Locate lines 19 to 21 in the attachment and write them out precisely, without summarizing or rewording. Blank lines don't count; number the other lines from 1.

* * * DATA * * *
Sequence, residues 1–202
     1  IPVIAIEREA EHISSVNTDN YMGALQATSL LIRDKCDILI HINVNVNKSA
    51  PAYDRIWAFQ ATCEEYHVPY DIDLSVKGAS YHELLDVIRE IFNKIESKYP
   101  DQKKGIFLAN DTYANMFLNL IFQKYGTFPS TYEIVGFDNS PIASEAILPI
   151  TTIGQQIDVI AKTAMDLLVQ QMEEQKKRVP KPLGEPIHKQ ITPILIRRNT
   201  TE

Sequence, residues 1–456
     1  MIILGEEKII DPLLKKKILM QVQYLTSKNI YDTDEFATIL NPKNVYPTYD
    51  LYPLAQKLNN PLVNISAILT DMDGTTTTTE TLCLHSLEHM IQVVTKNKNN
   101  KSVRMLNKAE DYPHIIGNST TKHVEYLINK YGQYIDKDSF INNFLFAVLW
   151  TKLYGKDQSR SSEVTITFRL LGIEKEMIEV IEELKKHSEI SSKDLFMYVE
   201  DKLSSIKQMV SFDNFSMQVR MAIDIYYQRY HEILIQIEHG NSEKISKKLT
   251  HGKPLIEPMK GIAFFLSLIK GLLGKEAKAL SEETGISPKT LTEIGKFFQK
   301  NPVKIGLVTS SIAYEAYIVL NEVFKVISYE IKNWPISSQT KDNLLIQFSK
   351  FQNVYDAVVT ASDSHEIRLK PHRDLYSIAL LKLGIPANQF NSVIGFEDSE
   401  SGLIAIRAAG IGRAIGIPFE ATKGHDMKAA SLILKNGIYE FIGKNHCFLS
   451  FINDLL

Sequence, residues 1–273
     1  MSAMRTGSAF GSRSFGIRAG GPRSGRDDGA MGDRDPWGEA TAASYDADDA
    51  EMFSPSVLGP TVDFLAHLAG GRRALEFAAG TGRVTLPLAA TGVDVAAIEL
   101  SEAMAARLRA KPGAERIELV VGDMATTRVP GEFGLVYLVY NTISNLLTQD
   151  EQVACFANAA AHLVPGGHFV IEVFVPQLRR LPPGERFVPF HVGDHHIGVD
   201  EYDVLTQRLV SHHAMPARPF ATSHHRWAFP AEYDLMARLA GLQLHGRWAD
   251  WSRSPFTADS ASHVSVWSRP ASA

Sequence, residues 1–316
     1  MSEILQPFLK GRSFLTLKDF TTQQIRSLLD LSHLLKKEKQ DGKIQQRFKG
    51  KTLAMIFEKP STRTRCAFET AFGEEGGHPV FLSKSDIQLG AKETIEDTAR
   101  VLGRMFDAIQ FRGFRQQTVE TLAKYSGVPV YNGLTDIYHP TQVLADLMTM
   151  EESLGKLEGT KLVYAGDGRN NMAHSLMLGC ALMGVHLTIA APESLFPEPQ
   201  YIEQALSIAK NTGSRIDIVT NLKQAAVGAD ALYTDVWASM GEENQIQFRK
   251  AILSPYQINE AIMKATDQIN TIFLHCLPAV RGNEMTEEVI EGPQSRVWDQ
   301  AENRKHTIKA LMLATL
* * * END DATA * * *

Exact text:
     1  MSAMRTGSAF GSRSFGIRAG GPRSGRDDGA MGDRDPWGEA TAASYDADDA
    51  EMFSPSVLGP TVDFLAHLAG GRRALEFAAG TGRVTLPLAA TGVDVAAIEL
   101  SEAMAARLRA KPGAERIELV VGDMATTRVP GEFGLVYLVY NTISNLLTQD